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9 Years Ago...

...I was working 2 jobs over the summer, working at a research lab on the campus of the University of Missouri, and working at Pretzel Time in the Columbia Mall.  The morning of July 24, 2006 I was tasked with going for a physical at one of the satellite clinics of the University of Missouri Hospital.  At the time, I didn't really feel bad at all, it was strange that I was drinking a lot of liquid and urinating quite a lot, both of these are things which many think are too much information, but I think it's vital that people understand some of the signs and symptoms of diseases.  My day went just fine, I went to the Physical exam, answered some questions, had some blood drawn, and then went on my way.  That day I was tasked with working at the research lab, I got some work done, then went home and hung out with my family, that's when it happened.

My dad was working at the hospital at the time and it wasn't abnormal for us to receive calls where the caller ID had "University of Missouri Hospital" on it.  But this call was different, it was a call from the doctor who I had met with that day and it was serious.  My blood results showed a blood glucose of 860 mg/dL which on the scale from low, to high is 'extremely and terrifyingly high', I was immediately admitted to the hospital and from that point on, my life was changed forever.  I spent 4 nights, 5 days in the hospital as I both was brought down to a normal insulin level and was educated on the new things that I would have to do day-to-day.  I learned more in that week about medicine and needles, and injections, and blood than I ever knew before.  Learning about what a carbohydrate exchange, learning how to do injections in myself, learning how to use math and determine how much insulin to give myself, learning how to make changes in order to fix the issues that I had, learning how to solve problems.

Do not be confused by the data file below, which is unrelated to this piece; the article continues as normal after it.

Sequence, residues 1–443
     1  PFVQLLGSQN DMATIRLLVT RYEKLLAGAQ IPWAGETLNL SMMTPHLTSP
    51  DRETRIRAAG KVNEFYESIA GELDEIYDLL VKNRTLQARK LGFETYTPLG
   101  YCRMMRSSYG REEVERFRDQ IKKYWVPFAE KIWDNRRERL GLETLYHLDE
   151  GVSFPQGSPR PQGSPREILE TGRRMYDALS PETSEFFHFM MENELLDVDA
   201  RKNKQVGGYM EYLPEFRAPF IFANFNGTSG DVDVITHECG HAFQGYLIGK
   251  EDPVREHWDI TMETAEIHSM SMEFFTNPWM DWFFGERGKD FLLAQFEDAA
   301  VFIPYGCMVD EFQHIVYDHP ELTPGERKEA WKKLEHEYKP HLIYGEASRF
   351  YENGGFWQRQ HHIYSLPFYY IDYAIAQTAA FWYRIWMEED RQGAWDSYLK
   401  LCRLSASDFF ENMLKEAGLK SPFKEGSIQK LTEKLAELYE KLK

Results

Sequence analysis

Diabetes is a disease that will stick with me for the rest of my life, this day 9 years ago changed the way that I live day-to-day.  Honestly, I don't know what I'd be doing right now had this event not changed my destiny, and I don't really want to think about it.  Life has a strange way of getting to the point, but I think that I've learned a lot of valuable lessons along the way.  I've also hopefully helped out quite a few people with their own issues.  It's been a wild ride so far, I'm continually learning more and more about my disease, how my body reacts to different foods, and how it deals with insulin.  There are a lot of lessons, and not nearly enough time to go through them all, eventually it'll all make sense to someone.

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